But Dr. Jason Brown, previously of East Carolina University, Greenville, North Carolina, and his colleagues, discovered a monogamous frog species Ranitomeya imitator, known as the mimic poison frog,
According to the BBC Earth News article, “Peru Poison Frog Reveals Secret of Monogamy,” after mating, a female mimic poison frog lays her eggs on the surface of leaves. After the tadpoles hatch, the male frog carries them one by one on his back to pools of water that collect in bromeliad leaves high up in the branches of trees. Each tadpole is put into its own tiny pool and the father looks after them. When the tadpoles become hungry, the male calls to his female partner who lays a non-fertile egg, which the tadpole eats, in each pool.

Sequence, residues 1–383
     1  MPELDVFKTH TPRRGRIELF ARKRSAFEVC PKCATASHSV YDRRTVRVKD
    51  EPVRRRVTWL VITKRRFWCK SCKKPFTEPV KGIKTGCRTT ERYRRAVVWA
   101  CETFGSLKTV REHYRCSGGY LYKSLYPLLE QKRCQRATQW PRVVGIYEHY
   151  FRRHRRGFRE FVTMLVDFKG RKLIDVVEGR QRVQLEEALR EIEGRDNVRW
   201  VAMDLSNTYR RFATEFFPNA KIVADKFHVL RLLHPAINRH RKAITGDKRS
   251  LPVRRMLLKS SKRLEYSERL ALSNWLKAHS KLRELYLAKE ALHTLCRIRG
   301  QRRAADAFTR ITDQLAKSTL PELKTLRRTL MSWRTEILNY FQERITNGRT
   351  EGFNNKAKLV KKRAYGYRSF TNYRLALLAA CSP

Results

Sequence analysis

Why are these frogs monogamous and others aren’t? Scientists believe the mimic poison frogs have become mongamous as they evolved to live in small pools. The frogs wouldn’t have survived without the care of both mother and father because there is little natural food in these tiny pools. If the pools were bigger, there would have been more available food and the the frogs wouldn’t have to work together to feed and raise the tadpoles.
“These frogs are truly devoted to their offspring, and to each other,” says Dr. Brown, who is now at Duke University.
Image from ScienceNOW blog (Science magazine)